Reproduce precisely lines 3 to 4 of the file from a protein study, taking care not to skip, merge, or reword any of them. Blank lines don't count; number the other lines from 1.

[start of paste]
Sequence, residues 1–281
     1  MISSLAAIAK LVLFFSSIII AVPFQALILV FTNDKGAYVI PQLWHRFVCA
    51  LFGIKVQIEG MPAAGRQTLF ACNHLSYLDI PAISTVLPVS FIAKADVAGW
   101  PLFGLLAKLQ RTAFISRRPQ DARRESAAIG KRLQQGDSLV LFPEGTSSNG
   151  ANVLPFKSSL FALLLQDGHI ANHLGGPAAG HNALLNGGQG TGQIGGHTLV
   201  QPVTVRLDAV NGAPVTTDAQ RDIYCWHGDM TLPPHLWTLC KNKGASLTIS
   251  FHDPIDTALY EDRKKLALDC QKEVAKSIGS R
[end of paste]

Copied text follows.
    51  LFGIKVQIEG MPAAGRQTLF ACNHLSYLDI PAISTVLPVS FIAKADVAGW
   101  PLFGLLAKLQ RTAFISRRPQ DARRESAAIG KRLQQGDSLV LFPEGTSSNG